H-bonding is the principle IMF holding the DNA strands together. The H-bonding is between the $\text{N}-\text{H}$ and $\text{C}=\text{O}.$

The density of liquid NH 3 is 0.64 g/mL; the density of gaseous NH 3 at STP is 0.0007 g/mL. Explain the difference between the densities of these two phases.

Identify the intermolecular forces present in the following solids:

(a) CH 3 CH 2 OH

(b) CH 3 CH 2 CH 3

(c) CH 3 CH 2 Cl

(a) hydrogen bonding and dispersion forces; (b) dispersion forces; (c) dipole-dipole attraction and dispersion forces

Why does carbonic acid don't react with metals
Why does carbonic acid don't react with metal
Some metals will react depending on their Standard Electrode Potential. Carbonic acid is a very weak acid (i.e. a low hydrogen ion concentration) so the rate of reaction is very low.
Paul
sample of carbon-12 has a mass of 6.00g. How many atoms of carbon-12 are in the sample
a sample of carbon-12 has a mass of 6.00g. How many atoms of carbon-12 are in the sample
an object of weight 10N immersed in a liquid displaces a quantity of d liquid.if d liquid displaced weights 6N.determine d up thrust of the object
how human discover earth is not flat
We don't fall off. If set off in any direction in a straight line and keep going. You'll end up back where you started.
earth is spherical
Unique
Also, every other planet is spherical as that is the most energy efficient shape. gravity pulls equally on all areas. Sphere.
what is an ion
an atom that loses or gains an electron. Atoms normally have the same number of protons and electrons, therefore there is no charge as each + cancels out each -. When an atom loses an electron, it has more protons that electrons. Therefore the ion is called positive.
When an atom gains electrons it has more of them than protons. Therefore the ion is negative. You cannot change the number of protons as this results in a different element.
Gaining or losing electrons is based around the octet rule. 8 electrons in the outer shell is the most stable electron configuration (for the first three rows in the periodic table. After that it gets confusing so don't worry) So all atoms want to achieve this configuration.
Wat is chemical bonding
how to determine the number of atoms and the mass of zirconium, silicon, and oxygen found in 0.3384 mol of zircon4
what is a catalyst
A substance that speeds up the rate of a given reaction but does not react with any reactants
Brandon
something that speeds up a chemical reaction without being used up itself. It lowers the activation energy
something that speed up a chemical reaction without its self been used
Zainab
Faraday's first law of electrolysis state that...
the mass of a substance librated during electrolysis is directly proportional to the quantity of electricity passing through the electrolyte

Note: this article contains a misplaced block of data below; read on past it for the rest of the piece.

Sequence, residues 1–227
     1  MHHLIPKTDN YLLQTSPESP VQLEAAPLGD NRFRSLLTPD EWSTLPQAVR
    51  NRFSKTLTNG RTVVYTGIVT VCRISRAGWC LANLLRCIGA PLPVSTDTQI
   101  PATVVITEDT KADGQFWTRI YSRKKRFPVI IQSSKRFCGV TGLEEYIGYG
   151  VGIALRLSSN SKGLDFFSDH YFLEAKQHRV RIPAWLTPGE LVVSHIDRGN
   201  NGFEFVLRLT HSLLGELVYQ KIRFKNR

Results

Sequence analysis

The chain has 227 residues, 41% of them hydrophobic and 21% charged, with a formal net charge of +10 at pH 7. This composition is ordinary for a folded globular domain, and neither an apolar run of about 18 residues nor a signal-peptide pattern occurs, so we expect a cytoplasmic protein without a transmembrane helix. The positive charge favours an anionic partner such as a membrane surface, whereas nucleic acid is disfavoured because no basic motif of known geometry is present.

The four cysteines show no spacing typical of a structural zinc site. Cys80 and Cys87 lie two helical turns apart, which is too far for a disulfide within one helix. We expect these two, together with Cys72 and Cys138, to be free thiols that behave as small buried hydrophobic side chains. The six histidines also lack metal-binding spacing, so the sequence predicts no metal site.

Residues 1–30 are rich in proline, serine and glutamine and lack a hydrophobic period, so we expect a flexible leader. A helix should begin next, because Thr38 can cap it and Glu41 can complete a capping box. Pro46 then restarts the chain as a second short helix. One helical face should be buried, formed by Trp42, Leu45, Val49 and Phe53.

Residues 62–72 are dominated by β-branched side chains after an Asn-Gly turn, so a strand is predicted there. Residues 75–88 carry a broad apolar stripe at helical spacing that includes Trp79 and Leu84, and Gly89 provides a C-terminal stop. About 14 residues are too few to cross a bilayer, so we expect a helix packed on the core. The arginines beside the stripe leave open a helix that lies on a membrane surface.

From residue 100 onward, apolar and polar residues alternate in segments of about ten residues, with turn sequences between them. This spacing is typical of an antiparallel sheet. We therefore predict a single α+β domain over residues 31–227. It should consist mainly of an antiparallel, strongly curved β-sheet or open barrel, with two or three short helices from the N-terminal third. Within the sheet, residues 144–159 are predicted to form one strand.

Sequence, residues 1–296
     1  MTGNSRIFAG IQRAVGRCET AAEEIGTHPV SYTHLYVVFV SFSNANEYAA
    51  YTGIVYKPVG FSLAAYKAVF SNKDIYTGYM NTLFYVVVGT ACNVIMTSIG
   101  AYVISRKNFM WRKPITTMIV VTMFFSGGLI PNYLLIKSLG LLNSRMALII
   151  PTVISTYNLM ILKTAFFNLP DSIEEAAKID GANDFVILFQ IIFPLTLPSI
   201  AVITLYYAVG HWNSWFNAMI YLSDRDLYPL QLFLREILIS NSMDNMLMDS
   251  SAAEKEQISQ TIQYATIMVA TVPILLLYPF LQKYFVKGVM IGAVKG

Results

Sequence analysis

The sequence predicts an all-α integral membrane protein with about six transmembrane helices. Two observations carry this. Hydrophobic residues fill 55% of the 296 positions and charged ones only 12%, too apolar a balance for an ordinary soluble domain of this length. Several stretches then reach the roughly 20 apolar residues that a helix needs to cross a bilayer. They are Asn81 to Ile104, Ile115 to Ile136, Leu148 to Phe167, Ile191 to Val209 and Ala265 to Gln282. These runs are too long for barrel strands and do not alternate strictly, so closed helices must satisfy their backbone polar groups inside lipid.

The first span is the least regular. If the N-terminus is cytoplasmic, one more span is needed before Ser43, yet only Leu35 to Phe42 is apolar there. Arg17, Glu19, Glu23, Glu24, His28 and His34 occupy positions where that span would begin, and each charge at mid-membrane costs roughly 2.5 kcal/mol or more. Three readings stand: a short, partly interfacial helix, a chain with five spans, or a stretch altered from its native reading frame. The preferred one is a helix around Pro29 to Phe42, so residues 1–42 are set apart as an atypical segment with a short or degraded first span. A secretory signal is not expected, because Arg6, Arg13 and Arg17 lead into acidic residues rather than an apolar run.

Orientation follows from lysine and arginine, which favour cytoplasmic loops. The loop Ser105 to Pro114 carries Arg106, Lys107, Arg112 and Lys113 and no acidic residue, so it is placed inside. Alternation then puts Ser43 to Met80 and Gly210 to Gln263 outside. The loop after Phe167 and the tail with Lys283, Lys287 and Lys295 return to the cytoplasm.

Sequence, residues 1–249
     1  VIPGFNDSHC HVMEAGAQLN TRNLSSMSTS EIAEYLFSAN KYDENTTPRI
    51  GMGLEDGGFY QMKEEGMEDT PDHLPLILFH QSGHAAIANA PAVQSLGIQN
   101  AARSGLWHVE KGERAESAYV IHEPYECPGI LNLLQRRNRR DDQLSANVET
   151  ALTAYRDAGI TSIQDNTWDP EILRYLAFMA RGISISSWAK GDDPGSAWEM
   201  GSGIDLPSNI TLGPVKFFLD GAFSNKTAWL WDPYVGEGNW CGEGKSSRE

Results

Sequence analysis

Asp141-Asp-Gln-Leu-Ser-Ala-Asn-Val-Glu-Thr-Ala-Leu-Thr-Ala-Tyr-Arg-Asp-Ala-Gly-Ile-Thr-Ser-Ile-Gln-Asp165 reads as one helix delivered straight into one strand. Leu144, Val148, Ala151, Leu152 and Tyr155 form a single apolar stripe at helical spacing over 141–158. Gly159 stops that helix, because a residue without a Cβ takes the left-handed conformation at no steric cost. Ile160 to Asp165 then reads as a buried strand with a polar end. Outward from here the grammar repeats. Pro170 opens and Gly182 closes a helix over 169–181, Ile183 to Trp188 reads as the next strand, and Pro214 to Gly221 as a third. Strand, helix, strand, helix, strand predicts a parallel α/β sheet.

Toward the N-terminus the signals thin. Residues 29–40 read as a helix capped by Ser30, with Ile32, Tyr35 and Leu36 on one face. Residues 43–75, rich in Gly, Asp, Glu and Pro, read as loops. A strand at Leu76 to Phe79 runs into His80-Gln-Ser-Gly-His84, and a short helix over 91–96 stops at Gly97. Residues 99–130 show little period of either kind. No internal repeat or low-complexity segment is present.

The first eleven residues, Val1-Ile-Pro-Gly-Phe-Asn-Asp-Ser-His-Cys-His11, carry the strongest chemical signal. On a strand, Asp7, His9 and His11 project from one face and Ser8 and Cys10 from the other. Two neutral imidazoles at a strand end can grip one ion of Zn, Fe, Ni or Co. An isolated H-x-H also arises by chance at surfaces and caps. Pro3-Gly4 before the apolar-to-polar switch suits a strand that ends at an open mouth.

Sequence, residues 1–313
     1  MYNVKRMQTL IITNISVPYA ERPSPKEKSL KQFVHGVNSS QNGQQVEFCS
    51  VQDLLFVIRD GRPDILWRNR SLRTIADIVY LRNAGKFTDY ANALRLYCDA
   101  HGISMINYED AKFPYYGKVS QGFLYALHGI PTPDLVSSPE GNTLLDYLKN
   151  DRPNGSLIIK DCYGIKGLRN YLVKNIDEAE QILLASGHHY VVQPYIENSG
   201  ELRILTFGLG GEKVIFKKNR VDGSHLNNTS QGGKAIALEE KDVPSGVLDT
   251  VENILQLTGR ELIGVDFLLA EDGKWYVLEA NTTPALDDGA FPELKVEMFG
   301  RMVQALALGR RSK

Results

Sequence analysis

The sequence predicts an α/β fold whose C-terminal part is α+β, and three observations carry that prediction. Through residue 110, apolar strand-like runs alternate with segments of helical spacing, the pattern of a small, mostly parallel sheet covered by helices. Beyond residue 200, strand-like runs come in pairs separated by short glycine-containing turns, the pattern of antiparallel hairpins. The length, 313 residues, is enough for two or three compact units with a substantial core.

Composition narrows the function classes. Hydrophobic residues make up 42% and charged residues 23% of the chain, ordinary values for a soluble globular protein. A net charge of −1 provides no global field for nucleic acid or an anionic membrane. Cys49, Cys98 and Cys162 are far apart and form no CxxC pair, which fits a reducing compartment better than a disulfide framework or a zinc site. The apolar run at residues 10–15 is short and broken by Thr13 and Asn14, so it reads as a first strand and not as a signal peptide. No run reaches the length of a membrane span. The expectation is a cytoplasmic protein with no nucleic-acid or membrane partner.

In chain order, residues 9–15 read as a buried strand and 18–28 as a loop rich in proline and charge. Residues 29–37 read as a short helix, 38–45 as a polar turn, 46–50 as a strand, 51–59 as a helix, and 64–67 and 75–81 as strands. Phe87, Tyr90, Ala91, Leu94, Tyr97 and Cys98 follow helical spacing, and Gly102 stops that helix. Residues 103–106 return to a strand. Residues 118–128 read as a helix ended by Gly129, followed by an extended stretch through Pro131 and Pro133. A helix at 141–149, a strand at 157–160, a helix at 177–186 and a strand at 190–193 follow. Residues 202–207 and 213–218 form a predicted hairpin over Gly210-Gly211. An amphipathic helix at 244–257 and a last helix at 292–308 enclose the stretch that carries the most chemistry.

Zainab
nice
Owolabi
greeaat
Abdul
another question
Owolabi
ys
Abdul
good
olanrewaju
gud one pls write it mathematically
Lekan
How can ionic bonds dissociate in aqueous solution
Because of the polarity of both ionic compounds and water the ionic compound will dissolve as "like dissolves like", and the molecule forms bonds with the water.
Claud
are all aqueous solutions water contained?
blossom
No, but a lot are.
Claud
it dissociate when d metal is combined wit oxygen
Lekan
I wanna understand more about isomers
Isomers are essentially the same molecules of one particular substance, except with different bonding points along the molecule. if you want a better example, look up xylene, p-xylene, and m-xylene. isomers are more for organic chemistry
Aaron
what is catenation
The property of carbon to form long chain with other atom!
Lareb
hydrocarbons can be classified as..1.Aliphatic compounds 2.cyclic compounds.under aliphatic compounds there are two types saturated hydrocarbons(alkanes) and unsaturated hydrocarbons(alkenes and alkynes).
thanks but i have also heard of aromatic hydrocarbons
emmanuel
so am kinda confused
emmanuel
how
Emmanuel
hydrocarbons are classified into 2 namely: aliphatic compound and aromatic compound
Mgbachi
aliphatic compound and aromatic compound
Mgbachi
hello i have big problems in understanding organic chemistry
what are the main types of hydrocarbon
emmanuel
I'm not exactly sure what you mean by 'main types' but I think you should be talking about aliphatic and cyclic hydrocarbons
blossom
What's the difference?
Claud
what is the difference between atomic theory and modern atomic theory
Yakubu
Or are you referring to the types being alkane, alkene and alkyne? alkane - hydrocarbon molecule with only single bonds alkene - hydrocarbon molecule with at least 1 double bond alkyne - hydrocarbon with at least 1 triple bond. alkane least reactive, alkene in the middle alkynes most reactive
I think that is what he is talking about
IBRAHIM